Extradition post-Brexit: the Irish questions
Date:5 May 2022
Specialist Area:International Crime and Extradition
Kingsley Napley is pleased to present the next in the series of annual conferences on cross-border criminal law. The event will take place on Thursday 5 May 2022 in our London office and will focus on accountability for international crimes for both individuals and corporates.
The conference will open with a keynote address by Philippe Sands QC. Philippe is a well-known barrister, academic and author specialising in international humanitarian law. His award winning 2016 book, East West Street, describes the development of this area of law in the aftermath of the second world war, while his next book will focus on the Pinochet case in which he was directly involved. He has recently chaired an independent panel of experts, convened by the Stop Ecocide Foundation, to draft a legal definition for a new international crime of ecocide.
The first panel debate will reflect on the 20 years since the Pinochet case and discuss the current state of universal jurisdiction in the UK. The second panel will focus on the increasing scrutiny faced by companies and discuss corporate complicity in human rights violations and international crimes.
The conference will take place in our new offices in Shoreditch and will be followed by a drinks reception.
If would like to register please contact firstname.lastname@example.org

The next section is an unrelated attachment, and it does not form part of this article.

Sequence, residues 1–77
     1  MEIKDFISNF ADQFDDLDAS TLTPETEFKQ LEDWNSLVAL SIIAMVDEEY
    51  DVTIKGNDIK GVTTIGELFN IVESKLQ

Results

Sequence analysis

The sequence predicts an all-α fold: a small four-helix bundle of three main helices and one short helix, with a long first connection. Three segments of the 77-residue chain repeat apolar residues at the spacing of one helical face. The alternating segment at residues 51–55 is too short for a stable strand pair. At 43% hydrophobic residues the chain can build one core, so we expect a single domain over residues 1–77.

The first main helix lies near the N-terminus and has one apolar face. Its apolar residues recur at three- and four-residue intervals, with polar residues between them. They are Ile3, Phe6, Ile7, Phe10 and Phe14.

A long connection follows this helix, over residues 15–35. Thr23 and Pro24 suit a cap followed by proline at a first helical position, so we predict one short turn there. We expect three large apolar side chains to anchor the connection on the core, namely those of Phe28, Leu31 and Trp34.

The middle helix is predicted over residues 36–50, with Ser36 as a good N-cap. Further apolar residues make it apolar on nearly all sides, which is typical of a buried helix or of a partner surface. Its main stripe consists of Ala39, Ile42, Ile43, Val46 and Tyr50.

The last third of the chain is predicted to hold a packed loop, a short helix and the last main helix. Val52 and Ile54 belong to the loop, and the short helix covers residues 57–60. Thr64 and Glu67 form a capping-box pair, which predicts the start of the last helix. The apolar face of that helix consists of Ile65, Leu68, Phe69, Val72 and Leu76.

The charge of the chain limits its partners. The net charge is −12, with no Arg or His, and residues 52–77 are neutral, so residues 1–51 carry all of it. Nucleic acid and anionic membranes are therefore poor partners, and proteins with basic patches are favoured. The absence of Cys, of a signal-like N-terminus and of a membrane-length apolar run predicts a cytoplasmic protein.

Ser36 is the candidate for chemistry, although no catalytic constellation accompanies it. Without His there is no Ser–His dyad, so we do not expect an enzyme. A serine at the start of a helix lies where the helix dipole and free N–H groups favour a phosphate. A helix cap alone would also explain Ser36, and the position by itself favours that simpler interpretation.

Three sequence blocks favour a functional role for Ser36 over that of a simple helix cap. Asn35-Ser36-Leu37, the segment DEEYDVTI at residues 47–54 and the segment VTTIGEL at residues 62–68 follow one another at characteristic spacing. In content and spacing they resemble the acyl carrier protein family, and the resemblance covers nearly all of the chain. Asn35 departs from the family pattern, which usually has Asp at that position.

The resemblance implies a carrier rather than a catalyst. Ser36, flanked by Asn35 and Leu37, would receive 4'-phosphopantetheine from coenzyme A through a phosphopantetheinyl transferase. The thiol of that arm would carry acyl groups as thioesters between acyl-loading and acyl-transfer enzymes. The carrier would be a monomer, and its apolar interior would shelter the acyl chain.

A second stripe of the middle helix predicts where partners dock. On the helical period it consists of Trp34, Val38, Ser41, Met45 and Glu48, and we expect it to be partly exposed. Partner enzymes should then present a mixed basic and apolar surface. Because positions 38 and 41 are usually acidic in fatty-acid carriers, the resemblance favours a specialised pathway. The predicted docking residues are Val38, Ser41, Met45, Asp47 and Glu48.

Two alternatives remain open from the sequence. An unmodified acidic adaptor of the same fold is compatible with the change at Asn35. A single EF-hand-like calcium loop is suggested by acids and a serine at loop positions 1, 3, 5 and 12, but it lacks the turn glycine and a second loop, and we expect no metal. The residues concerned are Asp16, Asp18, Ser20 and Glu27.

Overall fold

1.30pm - 2pm: Registrations and opening speech by Jonathan Grimes
2pm - 2.30pm: Keynote by Philippe Sands QC
2.30pm - 3.30pm: Panel Session 1: 20 years since the Pinochet case – the current state of universal jurisdiction in the UK.
In March 2000 Augusto Pinochet was permitted, on grounds of ill health, to return to Chile. The legal case that followed his arrest remains the seminal case on universal jurisdiction in the UK and has significantly influenced customary international law around the world. But the hopes of many that the case would herald the dawn of a more proactive exercise of universal jurisdiction in the UK have not been realised. In the twenty years since the Pinochet case concluded there have been only three universal jurisdiction prosecutions in the UK.
This panel will explore the Pinochet case and its legacy and examine the legal and structural reasons that account for the small number of universal jurisdiction cases that have followed.
3.30pm - 4pm: Tea break
4pm - 5pm: Panel session 2: Business and Human Rights - Corporate complicity in human rights violations and international crimes – criminal liability, compliance and corporate communications.
In September 2021 France’s highest court overturned the decision of the Paris Appeals’ Court to dismiss charges brought against the cement company Lafarge for its complicity in crimes against humanity during Syria’s civil war. In the same month, the ECCHR asked prosecutors in Germany to investigate a number of companies for their complicity in modern slavery through their relationships with suppliers in Xinjiang, China. Just two months later in November 2021 Swedish prosecutors indicted both the chairman and the former chief executive of Lundin Energy for their complicity in war crimes carried out by the Sudanese army and allied militia in southern Sudan from 1999 to 2003.
These cases in particular have cast renewed focus on what it means for a company to be complicit in human rights violations abroad and the mechanisms by which this conduct can be investigated, regulated and sanctioned. They have also coincided with the ever expanding requirements as to human rights and environmental due diligence and the increasing financial incentives associated with the perception of strong ESG performance.
This panel will consider what these developments mean for businesses (and those who advise them) in the context of criminal liability, compliance and corporate communications.
Martin Cox, UKFIU, National Crime Agency
5pm - 6pm: Drinks reception
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